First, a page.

I am just a lowly blogger, not a master savant like David Foster Wallace (pdf). Yet, I think he identified what I don’t like about much of the liberal blogosphere. I am not saying that I am a paragon of sincerity, but I am totally disinterested in ironic finger-pointing. When I snark on the right, I’m not doing it because I am above it all. I’m in the arena, not the stands.
“The next real literary “rebels” in this country might well emerge as some weird bunch of anti-rebels, born oglers who dare somehow to back away from ironic watching, who have the childish gall actually to endorse and instantiate single-entendre principles. Who treat of plain old untrendy human troubles and emotions in U.S. life with reverence and conviction. Who eschew self-consciousness and hip fatigue. These anti-rebels would be outdated, of course, before they even started. Dead on the page. Too sincere. Clearly repressed. Backward, quaint, naive, anachronistic. Maybe that’ll be the point. Maybe that’s why they’ll be the next real rebels. Real rebels, as far as I can see, risk disapproval. The old postmodern insurgents risked the gasp and squeal: shock, disgust, outrage, censorship, accusations of socialism, anarchism, nihilism. Today’s risks are different. The new rebels might be artists willing to risk the yawn, the rolled eyes, the cool smile, the nudged ribs, the parody of gifted ironists, the “Oh how banal.” To risk accusations of sentimentality, melodrama. Of overcredulity. Of softness. Of willingness to be suckered by a world of lurkers and starers who fear gaze and ridicule above imprisonment without law. Who knows.”
Also, I imagine that Foster Wallace would take great pleasure in flunking Dana Milbank and, to a lesser extent, Chris Cillizza. Both of them strike me as exactly the kind of writers that Foster Wallace was railing against. Both use the artistic tools of the counterculture (detachment, condescension, irony, scorn), but seem to lack any core convictions. What master are they serving? Who likes the smart-alecks in the Peanut Gallery?
It’s twenty years on since Foster Wallace wrote E Unibus Pluram and I could discuss it all day. I’d love to see someone look at the same issues from the perspective of today’s young writers, trained not so much by television as by their smart phones. What realistic novel would contain any dialogue today? Or even eye contact?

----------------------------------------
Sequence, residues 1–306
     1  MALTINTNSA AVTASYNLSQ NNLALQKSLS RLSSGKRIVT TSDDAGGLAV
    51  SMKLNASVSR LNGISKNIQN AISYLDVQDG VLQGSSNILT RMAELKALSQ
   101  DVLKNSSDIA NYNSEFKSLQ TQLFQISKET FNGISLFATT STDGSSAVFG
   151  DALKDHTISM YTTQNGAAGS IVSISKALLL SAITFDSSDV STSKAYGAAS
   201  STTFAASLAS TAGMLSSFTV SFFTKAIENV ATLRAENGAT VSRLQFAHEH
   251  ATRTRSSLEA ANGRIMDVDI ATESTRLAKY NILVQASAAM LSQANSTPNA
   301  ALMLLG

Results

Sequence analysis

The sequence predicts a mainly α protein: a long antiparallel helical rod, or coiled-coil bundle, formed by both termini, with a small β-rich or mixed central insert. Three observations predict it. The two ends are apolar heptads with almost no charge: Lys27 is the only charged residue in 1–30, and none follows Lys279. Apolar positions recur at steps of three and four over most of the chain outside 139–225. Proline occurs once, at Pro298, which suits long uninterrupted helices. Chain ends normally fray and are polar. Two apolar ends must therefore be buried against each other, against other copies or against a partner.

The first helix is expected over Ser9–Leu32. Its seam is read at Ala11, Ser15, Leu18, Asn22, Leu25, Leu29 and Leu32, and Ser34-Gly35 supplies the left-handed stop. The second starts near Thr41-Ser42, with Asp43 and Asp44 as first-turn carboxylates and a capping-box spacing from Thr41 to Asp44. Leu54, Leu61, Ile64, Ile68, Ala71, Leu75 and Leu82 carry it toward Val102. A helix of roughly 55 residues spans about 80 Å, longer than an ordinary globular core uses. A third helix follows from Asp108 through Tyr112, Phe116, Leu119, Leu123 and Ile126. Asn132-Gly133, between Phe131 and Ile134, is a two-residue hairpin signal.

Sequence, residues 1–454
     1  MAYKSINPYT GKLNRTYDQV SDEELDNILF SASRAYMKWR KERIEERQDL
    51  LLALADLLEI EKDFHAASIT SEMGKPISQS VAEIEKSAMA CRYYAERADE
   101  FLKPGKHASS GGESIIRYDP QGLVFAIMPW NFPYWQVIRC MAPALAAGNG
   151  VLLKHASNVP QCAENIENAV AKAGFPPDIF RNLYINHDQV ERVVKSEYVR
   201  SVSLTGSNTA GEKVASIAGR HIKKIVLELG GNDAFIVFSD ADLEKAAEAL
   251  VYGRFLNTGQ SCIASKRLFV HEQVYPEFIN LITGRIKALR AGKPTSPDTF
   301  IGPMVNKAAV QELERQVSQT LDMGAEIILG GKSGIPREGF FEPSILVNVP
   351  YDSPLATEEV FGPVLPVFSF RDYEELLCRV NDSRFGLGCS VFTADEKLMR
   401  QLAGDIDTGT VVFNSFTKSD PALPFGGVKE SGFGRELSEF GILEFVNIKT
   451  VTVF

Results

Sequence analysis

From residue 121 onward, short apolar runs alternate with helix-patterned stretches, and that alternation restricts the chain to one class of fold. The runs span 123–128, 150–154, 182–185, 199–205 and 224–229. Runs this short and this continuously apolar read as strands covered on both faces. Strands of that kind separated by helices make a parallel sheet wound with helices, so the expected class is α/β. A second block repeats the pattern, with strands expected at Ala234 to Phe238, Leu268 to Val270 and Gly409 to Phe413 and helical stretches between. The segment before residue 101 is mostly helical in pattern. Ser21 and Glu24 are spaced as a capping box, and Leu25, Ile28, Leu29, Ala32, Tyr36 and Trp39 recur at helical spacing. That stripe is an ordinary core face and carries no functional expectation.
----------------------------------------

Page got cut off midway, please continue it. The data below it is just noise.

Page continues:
Or, how about the advent of reality television and its relationship to Don DeLillo’s barn-watching? Paris Hilton starring as THE MOST PHOTOGRAPHED BARN IN AMERICA! as told by a too-cool-for-school hipster and his silent friend.
Who can look at the state of our government and culture and not adopt an attitude of cynical detachment? That seems to me to be the core problem progressives face, and it relates back to what I always talk about, which is overcoming our countercultural roots. What was bedeviling Foster Wallace twenty years ago was the way that television had become countercultural (probably starting with Saturday Night Live, if not the Watergate hearings), which created a kind of closed circle impermeable to artistic sincerity. To be sincere was to be naïve. To actually believe in anything, you’d have to be an idiot.
But that’s fiction-writing in the early 90’s, while I’m concerned with progressive politics in the 10’s. I think we’ve all become convinced that the whole rotting edifice is beyond hope- our elites have just failed us on every conceivable front. So, the response is to keep watching, but to watch with more and more detachment, as if we aren’t even on the playbill.
One reason I, unlike most progressives, actually like Cory Booker is because I care less about his friends in Silicon Valley and on Wall Street than I do about his can-do attitude. He doesn’t have time to carry around a SHIT IS FUCKED UP AND BULLSHIT placard, and nor should we.
I used to say that we don’t want to be the counterculture anymore; we want to be the culture. But that’s kind of happening by demographic inertia (see: gay rights). What I want to say now is that we need progressive anti-rebels who dare to back away from ironic watching and actually move into the picture where the action takes place. We need people who dare to take the ridicule for actually believing in this country.